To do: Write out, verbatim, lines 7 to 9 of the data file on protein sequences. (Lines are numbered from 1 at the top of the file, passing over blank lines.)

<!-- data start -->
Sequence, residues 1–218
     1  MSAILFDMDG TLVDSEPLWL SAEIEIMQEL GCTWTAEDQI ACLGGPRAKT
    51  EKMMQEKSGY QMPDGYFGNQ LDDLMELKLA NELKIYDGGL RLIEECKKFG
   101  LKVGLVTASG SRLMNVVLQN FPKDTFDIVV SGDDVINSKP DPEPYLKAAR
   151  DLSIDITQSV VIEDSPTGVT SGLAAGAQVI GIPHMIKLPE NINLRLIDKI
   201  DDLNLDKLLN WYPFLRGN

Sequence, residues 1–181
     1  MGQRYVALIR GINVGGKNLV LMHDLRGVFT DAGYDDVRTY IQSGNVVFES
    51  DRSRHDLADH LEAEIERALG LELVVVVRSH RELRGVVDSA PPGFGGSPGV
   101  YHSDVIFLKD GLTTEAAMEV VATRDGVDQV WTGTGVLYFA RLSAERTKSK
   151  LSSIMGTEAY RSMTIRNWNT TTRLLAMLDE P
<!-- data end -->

Sequence, residues 1–181
     1  MGQRYVALIR GINVGGKNLV LMHDLRGVFT DAGYDDVRTY IQSGNVVFES
    51  DRSRHDLADH LEAEIERALG LELVVVVRSH RELRGVVDSA PPGFGGSPGV